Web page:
“…….we have allowed distractions, self-absorption, anxiety, the endless pursuit of pleasure—in a word, worldliness—to enter our hearts. The irony is that we carry these things upon our shoulders like a cross—but it is the wrong kind of cross. The Cross of the Christian is meant to be the cross of self-denial, not self-seeking.” ~ Mark Mallet, http://www.markmallett.com/blog/rekindling-love-for-jesus

When a friend abuses our trust and friendship, when someone we trust lies about us, or cheats us of what little we have, and we are left feeling bereft and angry, do we flee to the Lord or do our feet trace a resolute path elsewhere?

Mourning

Hours of slaving over a project only to have it dismissed or caustically appraised. Years of struggle to keep a marriage going, and facing its death, nevertheless. The golden child who finds later years comfort in drugs.

What do we do?

Do we drown our sorrows in the bottle, try to discern our future in the wine dregs in our glass? Do we bow our heads in embarrassment, shame, and withdraw from society? Or paint a smile on our faces, project false cheeriness because no one needs know the depths of our loss and shock?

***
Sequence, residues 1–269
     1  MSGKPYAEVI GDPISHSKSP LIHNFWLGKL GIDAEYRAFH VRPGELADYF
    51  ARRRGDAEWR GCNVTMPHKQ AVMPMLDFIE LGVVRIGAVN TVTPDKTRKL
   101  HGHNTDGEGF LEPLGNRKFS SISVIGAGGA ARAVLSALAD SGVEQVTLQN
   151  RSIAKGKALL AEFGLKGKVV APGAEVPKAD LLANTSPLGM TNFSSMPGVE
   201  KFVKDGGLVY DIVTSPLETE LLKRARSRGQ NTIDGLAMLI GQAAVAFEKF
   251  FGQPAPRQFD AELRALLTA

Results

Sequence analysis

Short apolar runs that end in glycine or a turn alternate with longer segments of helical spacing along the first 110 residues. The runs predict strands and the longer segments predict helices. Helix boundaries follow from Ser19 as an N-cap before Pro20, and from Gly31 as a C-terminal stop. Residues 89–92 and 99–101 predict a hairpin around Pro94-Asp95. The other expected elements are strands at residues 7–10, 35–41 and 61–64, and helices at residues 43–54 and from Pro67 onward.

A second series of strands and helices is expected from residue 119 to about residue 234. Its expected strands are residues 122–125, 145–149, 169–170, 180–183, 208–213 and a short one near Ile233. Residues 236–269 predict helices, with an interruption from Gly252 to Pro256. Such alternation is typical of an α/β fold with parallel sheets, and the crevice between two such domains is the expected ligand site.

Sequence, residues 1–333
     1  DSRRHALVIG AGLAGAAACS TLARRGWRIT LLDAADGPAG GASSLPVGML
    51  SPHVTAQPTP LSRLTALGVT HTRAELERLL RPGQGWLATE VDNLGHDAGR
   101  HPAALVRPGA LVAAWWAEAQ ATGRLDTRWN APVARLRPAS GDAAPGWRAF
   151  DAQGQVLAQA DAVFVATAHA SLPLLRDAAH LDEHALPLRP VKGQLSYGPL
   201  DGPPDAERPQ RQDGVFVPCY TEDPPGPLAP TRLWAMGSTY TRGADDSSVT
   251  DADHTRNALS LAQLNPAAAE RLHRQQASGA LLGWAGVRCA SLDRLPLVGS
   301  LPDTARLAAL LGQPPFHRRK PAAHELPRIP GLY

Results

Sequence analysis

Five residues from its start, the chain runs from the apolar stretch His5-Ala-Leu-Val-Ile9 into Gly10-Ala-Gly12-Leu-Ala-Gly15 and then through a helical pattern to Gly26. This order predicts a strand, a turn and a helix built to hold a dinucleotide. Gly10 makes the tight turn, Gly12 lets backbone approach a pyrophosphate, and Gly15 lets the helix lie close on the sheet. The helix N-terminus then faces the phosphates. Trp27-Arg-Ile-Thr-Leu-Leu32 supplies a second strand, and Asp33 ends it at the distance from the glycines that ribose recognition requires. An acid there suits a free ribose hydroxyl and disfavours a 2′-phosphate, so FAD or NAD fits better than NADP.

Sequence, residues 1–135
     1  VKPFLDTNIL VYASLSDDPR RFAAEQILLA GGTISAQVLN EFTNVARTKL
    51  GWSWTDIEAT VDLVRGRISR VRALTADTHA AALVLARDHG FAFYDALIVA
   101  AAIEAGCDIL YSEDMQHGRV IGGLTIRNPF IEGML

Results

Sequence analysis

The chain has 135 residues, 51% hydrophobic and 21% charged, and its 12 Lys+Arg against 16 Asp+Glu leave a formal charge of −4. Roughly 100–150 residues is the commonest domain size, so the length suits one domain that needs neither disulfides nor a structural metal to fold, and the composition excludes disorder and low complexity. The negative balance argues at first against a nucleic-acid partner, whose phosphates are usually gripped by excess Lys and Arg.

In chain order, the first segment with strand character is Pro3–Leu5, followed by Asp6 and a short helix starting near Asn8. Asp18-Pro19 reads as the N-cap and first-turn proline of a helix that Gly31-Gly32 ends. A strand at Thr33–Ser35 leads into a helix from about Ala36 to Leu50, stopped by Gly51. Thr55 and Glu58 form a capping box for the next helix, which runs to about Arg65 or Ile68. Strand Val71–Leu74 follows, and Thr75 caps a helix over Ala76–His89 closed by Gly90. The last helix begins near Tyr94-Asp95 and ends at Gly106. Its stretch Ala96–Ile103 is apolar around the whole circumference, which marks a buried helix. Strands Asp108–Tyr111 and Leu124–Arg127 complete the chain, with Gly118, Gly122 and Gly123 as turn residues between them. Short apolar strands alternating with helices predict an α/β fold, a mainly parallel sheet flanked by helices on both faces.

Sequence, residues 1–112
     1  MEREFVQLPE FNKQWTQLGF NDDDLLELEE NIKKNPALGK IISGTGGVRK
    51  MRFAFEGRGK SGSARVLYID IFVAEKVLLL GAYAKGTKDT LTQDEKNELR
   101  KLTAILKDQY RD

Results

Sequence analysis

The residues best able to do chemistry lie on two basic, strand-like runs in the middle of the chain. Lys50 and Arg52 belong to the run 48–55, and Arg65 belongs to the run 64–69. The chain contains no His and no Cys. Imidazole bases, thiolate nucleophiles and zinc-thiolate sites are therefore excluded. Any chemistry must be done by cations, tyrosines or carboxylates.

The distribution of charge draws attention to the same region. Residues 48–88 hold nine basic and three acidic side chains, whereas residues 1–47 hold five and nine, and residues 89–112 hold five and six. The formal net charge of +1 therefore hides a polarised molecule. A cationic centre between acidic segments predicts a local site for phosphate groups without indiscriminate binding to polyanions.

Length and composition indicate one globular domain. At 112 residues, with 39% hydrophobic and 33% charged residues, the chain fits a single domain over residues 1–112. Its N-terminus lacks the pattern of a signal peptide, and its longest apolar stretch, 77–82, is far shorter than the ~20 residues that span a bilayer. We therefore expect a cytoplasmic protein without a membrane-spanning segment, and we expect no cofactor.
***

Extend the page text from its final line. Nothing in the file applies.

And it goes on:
by Pablo Picasso

by Pablo Picasso

When the church we trust becomes something we do not recognize.

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          Do we turn our backs on her, for it is she who owes us, and there is no reason for us to try to help her? Do we ignore her wounds, inflict more, even, because we cannot accept that we are the Church, and if she bleeds, so do we, and by that token, if we bind Her wounds, we bind ours as well? Does the hurt and betrayal keep us anchored to the dark swells of fury, well away from the bleeding hand of our own body and soul begging for help?